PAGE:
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Title: The hydrated torsions method : incremental solvation of amino acids
Author: Alexandersson, Kristján Friðrik
Awarding Body: University of Oxford
Current Institution: University of Oxford
Date of Award: 2013
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In this thesis, the development and applications of the Hydrated Torsions (HT) method are discussed. The method is designed to study the incremental solvation of biomolecules and thus is ideal for the study of zwitterion formation. A reduced dimensionality approach, torsional path integral Monte Carlo, is used to explicitly treat the torsional motion of the biomolecules to provide anharmonic and quantum corrections of the torsional free energy. Four amino acids are treated with the HT method in this work; glycine, alanine, proline and serine. The initial development was performed using glycine. Microsolvated amino acid clusters were studied, with the number of solvent molecules ranging from one to six. The low energy structures identified in the work using density functional theory are in good agreement with structures found in the literature. The hydrogen bond networks formed in the structures were found to resemble hydrogen bond networks found in analogous water clusters. The incremental addition of water molecules to glycine and alanine reduced the electronic ,energy difference between the zwitterionic and neutral systems by a linear amount, up until the fourth water molecule due to stabilization of the more polar zwitterion. After four water molecules the stabilization is diminished and the make-up of the hydrogen bond network becomes more important. This change in electronic energy difference after four water molecules was not observed for proline and serine. Water molecules added to the systems beyond four water molecules do not affect the free energy difference as much as when one to four water molecules are added. Calculations indicate that the zwitterionic systems are not been fully stabilized at four, five or six water molecules, so this change in free energy behaviour must be due to the vibrational characteristics of the systems. Frequency analysis of the systems reveals that the difference in frequency of the torsional vibrational modes is not enough to cause this, so other low frequency modes are likely to be affecting the free energy.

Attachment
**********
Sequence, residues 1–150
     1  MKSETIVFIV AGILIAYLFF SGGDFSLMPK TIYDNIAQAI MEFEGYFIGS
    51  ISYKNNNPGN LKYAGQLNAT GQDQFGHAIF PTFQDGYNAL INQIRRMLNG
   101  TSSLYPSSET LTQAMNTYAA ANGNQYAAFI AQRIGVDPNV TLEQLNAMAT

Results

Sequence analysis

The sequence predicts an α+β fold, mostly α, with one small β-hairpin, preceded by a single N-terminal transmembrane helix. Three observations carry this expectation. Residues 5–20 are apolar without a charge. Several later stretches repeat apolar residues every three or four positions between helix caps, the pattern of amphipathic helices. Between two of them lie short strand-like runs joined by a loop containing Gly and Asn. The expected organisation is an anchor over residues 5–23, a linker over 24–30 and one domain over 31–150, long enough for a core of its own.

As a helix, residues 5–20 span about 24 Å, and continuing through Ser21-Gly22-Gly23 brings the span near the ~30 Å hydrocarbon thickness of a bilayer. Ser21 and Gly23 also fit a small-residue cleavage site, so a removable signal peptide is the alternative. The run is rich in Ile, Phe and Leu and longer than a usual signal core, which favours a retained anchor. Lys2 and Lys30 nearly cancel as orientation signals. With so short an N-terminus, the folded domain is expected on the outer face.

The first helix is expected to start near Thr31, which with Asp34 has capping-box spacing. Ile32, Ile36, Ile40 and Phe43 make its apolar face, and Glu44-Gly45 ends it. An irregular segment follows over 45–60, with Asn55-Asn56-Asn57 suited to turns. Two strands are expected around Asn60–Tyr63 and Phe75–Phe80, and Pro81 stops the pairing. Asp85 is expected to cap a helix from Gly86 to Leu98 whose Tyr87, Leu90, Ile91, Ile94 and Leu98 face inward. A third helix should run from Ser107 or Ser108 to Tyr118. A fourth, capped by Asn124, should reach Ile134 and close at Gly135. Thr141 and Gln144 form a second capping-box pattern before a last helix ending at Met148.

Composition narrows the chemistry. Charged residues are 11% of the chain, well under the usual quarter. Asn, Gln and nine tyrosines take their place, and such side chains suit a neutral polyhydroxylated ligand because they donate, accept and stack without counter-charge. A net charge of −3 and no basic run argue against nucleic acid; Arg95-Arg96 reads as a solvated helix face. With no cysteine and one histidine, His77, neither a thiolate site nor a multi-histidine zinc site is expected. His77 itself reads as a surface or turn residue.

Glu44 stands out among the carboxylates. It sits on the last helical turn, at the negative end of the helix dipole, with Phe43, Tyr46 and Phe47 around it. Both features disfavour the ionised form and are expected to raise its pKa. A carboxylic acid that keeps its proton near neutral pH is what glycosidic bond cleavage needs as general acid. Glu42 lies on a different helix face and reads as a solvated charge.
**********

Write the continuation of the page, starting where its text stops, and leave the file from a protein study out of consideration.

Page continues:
Supervisor: Not available Sponsor: Not available
Qualification Name: Thesis (Ph.D.) Qualification Level: Doctoral
EThOS ID:  DOI: Not available